Tuesday, February 17, 2009

granola, the staple of breakfast

I'm an oatmeal person. Steel cut, quick cooking, large flake, instant; with apples, bananas, soy milk, raisins, dates, chocolate chips, brown sugar, maple syrup... you get the idea. I will (most mornings) get up a half hour early just to make it, and I will keep doing this until I finally get that slow cooker I've been dreaming of - March 21 is my birthday, by the way.
On those mornings I can't drag myself out of bed, granola is a great stand-in. But it's SO overpriced, and usually filled with extra oil and not enough nuts and fruit. The solution: make some! Here's one of my favorite recipes. It's so delicious, it barely lasts a week in my kitchen. It's wonderful with soy milk or yogurt, covered in some organic bananas or peaches. Or, use it in baked apples or as a crumble topping.
Granola with many options:

1/4 cup juice (apple, orange, mango, whatever)
1/4 cup honey or maple syrup
1/4 cup nut or seed butter (tahini, almond, sunflower, plain old peanut)
1 tsp vanilla
4 cups large flake oats (not quick cooking)
1 cup nuts (again, whatever you want)
1 cup dried fruit (raisins, apricots, dates)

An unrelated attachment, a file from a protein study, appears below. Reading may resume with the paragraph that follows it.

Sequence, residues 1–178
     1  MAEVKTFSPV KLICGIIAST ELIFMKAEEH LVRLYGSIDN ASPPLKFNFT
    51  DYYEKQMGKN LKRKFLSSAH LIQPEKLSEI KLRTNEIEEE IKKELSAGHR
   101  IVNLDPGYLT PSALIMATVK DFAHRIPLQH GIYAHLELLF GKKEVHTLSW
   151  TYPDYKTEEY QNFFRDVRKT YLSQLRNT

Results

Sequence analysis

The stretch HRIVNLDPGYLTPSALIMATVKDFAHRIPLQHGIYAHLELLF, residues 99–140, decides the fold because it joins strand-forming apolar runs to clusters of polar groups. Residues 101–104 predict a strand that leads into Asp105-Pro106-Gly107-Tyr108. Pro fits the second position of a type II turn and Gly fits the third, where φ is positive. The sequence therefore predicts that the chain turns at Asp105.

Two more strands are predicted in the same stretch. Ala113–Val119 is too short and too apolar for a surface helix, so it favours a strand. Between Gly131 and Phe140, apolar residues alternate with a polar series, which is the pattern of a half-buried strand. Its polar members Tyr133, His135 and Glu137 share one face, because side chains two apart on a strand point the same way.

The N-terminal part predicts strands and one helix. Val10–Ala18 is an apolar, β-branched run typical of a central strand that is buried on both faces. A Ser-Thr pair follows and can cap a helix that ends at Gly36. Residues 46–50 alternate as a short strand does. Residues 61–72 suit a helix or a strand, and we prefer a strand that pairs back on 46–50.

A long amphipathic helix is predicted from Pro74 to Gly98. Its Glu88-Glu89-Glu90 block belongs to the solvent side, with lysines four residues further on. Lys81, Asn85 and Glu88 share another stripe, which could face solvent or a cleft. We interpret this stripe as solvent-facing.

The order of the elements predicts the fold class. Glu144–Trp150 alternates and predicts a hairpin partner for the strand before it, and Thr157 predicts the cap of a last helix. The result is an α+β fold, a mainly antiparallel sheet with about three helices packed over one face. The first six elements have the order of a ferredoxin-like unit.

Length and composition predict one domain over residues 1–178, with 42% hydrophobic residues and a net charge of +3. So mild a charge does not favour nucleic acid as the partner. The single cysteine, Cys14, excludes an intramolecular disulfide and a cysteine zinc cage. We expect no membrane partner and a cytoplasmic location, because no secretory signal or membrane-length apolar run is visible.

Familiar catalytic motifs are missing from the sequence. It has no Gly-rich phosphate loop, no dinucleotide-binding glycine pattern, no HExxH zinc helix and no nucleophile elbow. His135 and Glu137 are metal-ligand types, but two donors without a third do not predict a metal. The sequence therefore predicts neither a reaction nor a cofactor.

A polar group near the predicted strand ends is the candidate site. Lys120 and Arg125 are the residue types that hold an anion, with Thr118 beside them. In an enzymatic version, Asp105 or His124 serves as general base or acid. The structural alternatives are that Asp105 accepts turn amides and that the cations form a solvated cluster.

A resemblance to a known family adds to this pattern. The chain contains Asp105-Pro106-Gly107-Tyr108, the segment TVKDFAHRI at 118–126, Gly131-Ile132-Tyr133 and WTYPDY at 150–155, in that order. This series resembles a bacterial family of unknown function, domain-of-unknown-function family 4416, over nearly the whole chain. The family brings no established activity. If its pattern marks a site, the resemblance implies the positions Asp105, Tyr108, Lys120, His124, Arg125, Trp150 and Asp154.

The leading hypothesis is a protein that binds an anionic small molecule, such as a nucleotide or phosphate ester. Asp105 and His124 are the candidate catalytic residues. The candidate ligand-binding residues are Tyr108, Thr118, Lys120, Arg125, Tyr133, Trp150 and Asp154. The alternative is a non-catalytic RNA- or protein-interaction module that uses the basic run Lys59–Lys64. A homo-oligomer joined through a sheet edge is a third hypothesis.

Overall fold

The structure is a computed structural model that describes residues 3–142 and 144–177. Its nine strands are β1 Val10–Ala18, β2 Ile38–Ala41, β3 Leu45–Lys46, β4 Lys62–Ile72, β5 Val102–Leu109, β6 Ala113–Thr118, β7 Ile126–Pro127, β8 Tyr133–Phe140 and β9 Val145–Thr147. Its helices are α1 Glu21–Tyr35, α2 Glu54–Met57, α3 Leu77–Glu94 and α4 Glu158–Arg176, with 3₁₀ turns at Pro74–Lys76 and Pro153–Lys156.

Preheat oven to 325. Whisk together juice, honey or maple syrup, nut butter and vanilla. If your nut butter is lumpy, heat the mixture a little to help it get together. Set aside. Grease 2 9 x 13 pans, and spread oats and nuts evenly between the two. Pour the liquid over top of the oats and stir everything together. Bake for 20-25 minutes, stirring every 5 minutes or so. This recipe is touchy because of the honey and juice - one second it can be fine, the next it's burnt. It's best to stay in the kitchen and make something else while you keep an eye on it. After it's golden brown and out of the oven, stir in the dried fruit and let it cool before storing in a sealed container.

Try different combos! The one in the picture is orange/honey/walnut/raisin. Other options? Apple/maple/pecan/apricot! The possibilities are endless. You could also throw in some shredded coconut, wheat germ, flax, sunflower seeds or sesame seeds.

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